Balloon catheters with integrated stretchable electronics for electrical stimulation, ablation and blood flow monitoring

Lauren Klinker, Stephen Lee, John Work, John Wright, Yinji Ma, Leon Ptaszek, Richard C. Webb, Cliff Liu, Nirav Sheth, Moussa Mansour, John A. Rogers, Yonggang Huang, Hang Chen*, Roozbeh Ghaffari

*Corresponding author for this work

Research output: Contribution to journalArticlepeer-review

35 Scopus citations


Balloon catheter-based techniques that apply mechanical force to blood vessel walls have dramatically advanced the standard of care for patients with vascular disease. But balloons are limited in their therapeutic potential because they rely on mechanics alone and lack electronically active materials. Recent advances in balloon catheters with integrated electrodes have offered additional treatment capabilities through the application of both mechanical contact force and radio frequency electromotive force. However, these smart balloons remain limited in their mechanics and their ability to provide diagnostic information about local vessel hemodynamics and tissue health near treatment zones. Here, we demonstrate a novel instrumented balloon catheter system that contains stretchable electrodes and thermal-based blood flow sensors, providing hemodynamic information, electrical stimulation, and ablation therapy on a single device. This system accommodates high inflation pressure (~2 atm) and twisting and bending over a broad range of vascular diameters and geometries. Finite element and analytical modeling capture the anisotropic mechanical and thermal properties of the device during cycles of inflation and deflation in a simulated biological environment. Bench-top ablation and in vivo blood flow measurements highlight the utility of this technology for clinical application.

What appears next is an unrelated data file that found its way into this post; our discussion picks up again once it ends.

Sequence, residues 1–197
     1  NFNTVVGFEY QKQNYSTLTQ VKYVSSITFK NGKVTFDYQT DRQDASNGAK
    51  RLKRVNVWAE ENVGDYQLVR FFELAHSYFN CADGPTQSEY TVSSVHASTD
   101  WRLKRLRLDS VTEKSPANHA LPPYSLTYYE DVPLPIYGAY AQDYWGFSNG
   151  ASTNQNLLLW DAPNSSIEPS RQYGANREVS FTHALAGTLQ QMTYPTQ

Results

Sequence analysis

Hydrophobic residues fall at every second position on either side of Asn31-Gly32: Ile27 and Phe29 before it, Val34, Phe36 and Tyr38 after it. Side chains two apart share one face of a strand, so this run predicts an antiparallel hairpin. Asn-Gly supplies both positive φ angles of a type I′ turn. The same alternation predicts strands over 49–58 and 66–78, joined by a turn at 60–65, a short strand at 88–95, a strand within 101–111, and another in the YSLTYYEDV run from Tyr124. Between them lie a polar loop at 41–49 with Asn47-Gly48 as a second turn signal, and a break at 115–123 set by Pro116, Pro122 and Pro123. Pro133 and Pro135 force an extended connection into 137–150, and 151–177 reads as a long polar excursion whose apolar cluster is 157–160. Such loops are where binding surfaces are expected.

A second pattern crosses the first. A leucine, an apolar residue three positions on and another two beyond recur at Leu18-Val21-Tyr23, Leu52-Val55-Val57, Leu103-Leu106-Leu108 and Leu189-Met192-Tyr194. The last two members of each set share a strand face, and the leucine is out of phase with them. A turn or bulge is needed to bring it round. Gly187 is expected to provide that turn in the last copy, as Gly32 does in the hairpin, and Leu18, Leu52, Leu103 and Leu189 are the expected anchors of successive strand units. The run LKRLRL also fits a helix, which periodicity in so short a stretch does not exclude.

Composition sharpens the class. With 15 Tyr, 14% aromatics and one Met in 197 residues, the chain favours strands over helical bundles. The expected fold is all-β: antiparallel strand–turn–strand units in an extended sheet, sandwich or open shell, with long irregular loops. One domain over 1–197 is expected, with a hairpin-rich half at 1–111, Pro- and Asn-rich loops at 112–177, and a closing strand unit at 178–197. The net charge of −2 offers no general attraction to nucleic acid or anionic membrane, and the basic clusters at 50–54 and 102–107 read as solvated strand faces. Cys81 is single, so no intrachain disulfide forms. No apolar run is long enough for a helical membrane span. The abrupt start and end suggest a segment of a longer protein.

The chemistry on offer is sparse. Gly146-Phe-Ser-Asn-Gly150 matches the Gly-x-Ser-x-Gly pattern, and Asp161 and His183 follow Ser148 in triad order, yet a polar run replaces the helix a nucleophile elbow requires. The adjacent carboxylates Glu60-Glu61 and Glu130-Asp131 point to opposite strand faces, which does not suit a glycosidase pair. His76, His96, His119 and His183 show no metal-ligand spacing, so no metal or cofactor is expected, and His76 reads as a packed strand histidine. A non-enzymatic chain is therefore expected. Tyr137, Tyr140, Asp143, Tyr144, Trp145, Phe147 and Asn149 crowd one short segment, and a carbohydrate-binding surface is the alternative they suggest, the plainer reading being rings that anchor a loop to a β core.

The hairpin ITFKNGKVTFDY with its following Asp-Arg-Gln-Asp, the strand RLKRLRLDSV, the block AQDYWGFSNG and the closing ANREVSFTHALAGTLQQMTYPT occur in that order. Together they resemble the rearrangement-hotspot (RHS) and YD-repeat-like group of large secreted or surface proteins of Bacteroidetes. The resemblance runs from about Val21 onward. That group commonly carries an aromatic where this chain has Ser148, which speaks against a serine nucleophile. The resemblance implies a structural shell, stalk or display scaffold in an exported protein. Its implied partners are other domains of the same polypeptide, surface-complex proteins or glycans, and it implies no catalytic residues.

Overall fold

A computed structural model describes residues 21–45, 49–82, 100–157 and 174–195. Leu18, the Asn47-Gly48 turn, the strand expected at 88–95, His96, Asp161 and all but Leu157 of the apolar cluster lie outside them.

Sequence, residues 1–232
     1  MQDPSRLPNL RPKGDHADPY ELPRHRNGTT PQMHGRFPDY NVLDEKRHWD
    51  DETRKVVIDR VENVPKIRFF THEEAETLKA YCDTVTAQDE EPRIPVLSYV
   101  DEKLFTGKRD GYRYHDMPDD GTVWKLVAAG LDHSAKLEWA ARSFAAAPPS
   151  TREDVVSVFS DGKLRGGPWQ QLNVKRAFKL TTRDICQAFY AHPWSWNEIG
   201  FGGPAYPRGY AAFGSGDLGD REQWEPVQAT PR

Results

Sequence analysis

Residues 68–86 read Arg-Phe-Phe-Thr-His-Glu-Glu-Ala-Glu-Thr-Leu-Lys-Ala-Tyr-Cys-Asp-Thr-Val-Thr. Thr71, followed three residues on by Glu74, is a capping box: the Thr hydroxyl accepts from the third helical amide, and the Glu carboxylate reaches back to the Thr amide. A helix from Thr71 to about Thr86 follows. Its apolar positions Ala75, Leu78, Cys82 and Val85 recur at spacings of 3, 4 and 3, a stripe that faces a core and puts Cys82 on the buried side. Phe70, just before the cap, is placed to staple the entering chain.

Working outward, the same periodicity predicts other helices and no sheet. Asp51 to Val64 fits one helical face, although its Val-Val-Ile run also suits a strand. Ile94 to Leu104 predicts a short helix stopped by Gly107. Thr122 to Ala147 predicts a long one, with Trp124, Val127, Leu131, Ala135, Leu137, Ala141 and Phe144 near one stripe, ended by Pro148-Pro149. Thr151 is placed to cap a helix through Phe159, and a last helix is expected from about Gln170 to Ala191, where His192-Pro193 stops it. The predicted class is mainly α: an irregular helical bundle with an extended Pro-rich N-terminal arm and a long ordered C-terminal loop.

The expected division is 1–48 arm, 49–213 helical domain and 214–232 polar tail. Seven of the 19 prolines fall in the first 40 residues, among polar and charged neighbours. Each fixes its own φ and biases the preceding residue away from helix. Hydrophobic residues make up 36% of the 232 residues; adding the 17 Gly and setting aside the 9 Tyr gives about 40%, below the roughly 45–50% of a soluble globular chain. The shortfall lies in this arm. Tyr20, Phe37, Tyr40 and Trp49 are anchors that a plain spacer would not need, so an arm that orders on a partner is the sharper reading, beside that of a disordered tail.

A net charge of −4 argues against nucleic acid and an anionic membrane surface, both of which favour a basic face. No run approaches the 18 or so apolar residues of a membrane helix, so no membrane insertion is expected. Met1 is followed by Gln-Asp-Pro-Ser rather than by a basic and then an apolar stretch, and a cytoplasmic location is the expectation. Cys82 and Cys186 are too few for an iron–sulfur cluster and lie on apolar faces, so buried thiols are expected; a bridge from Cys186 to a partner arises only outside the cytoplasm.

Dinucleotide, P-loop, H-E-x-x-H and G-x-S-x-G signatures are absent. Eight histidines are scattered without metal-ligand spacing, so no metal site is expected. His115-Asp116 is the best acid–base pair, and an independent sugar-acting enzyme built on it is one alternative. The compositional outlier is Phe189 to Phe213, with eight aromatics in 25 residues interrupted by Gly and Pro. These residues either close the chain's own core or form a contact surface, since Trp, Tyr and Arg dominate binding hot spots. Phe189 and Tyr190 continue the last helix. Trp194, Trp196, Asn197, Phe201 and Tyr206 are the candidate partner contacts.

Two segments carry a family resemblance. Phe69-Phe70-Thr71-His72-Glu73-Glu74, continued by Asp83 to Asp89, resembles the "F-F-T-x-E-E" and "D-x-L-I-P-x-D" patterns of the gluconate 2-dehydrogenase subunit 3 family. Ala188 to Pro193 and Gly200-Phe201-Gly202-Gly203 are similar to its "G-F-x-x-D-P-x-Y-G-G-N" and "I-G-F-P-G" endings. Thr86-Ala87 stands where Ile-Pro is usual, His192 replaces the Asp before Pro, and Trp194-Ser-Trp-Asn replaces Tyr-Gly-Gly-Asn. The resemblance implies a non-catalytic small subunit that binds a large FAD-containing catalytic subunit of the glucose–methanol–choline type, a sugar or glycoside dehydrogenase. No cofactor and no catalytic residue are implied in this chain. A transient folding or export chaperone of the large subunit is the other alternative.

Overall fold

Original languageEnglish (US)
Pages (from-to)45-54
Number of pages10
JournalExtreme Mechanics Letters
StatePublished - Jun 1 2015


  • Ablation
  • Angioplasty
  • Balloon catheters
  • Hemodynamics
  • Mechanics
  • Stretchable electronics

ASJC Scopus subject areas

  • Bioengineering
  • Chemical Engineering (miscellaneous)
  • Engineering (miscellaneous)
  • Mechanics of Materials
  • Mechanical Engineering


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